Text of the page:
17-Apr-23 Equities

Emerging-markets equities – time to revisit

Remain relatively cheap, investors stay cautious – wrongly so, as we believe

Lately, China watchers have had plenty to ponder. In recent months, better liquidity support for the property sector, favorable news on rules governing foreign listings, and friendlier policies for the private sector dominated internet businesses have completely turned sentiment. The dramatic U-turn in Covid-19 strategy, looks set to boost domestic growth in gross domestic product (GDP). We were especially encouraged that the rapid re-opening post Chinese New Year did not trigger additional Covid waves.

While domestic and geopolitics certainly remain wild cards, the fundamentals have clearly improved and there are growing signs that domestic economic stability is a key policy priority over the coming 12 months.  Going forward, we would expect China’s recovery to accelerate, with economic data improving in the second quarter of 2023. We expect government policies to remain supportive for growth in consumption and a pickup in services. Pent-up Chinese demand is likely to also strengthen goods and services trade in the region, not least thanks to the return of tourists from mainland China. Investments should continue not only in infrastructure but also in the decarbonization of the economy. Urbanization remains another key driver as China strives to bring the urbanization rate up to 80% from the current 63%.

While momentum may surprise on the upside this year, China’s medium-run growth rate is likely to normalize around a much lower trend than in previous decades. On top of demographic challenges in a medium-income country, the Chinese economy could also continue to face the same challenges prior to Covid-19, from weakness in its property market and local government finances to geopolitics.

Valuation discount EM vs. U.S. equities


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Source: DWS Investment GmbH, FactSet Research Systems Inc. as of 3/31/23

Despite this, and recent wild swings in financial markets, we think that the China rally still has a lot further to go. The Chinese equity market has come down a long way since February 2021. More broadly, emerging markets (EM) remain cheap and investors’ positioning from global funds stay light after they reduced their positions last year. In our view, earnings momentum should also prove rather better over the medium term than in developed markets.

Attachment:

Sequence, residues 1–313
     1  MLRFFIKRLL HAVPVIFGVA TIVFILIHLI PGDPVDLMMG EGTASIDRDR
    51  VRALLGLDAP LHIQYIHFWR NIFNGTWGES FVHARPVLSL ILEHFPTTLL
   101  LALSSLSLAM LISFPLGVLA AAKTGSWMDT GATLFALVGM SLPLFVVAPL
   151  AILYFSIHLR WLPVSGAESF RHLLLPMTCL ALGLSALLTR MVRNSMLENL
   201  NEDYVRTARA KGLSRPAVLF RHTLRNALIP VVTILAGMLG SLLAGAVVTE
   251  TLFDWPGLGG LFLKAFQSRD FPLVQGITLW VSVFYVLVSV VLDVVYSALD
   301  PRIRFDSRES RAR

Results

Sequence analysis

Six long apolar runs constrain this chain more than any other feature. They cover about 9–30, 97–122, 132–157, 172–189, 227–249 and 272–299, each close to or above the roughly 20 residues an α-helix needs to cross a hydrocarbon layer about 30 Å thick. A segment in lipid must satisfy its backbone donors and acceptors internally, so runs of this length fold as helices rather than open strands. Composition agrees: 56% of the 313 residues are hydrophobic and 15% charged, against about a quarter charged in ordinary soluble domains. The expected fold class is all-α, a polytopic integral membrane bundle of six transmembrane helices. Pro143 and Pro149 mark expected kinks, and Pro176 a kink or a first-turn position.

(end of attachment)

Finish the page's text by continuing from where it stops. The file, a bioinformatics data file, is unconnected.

Clearly, foreign investors have been unsettled by last year’s policy headwinds in China. These offer an excellent broader lesson for emerging-markets investors. With countries that are governed in their own distinct ways, political surprises of both a negative and a more benign kind should always be expected. One key to investment success is to know when to look beyond past policy disappointments.

Despite occasional geopolitical flare-ups, we would expect foreign investor concerns to  dissipate quickly, if and when economic data continues to improve in line with our expectations. China’s governance model has long combined top-down direction with bottom-up autonomy. It remains to be seen whether President Xi Jinping will prove willing and able to  reopen the political system’s feedback channels to the extent necessary to ensure their efficient functioning over the longer term[1]. In the meantime, however, investor preferences appear well aligned with the pro-business reset China’s rulers have lately favored.

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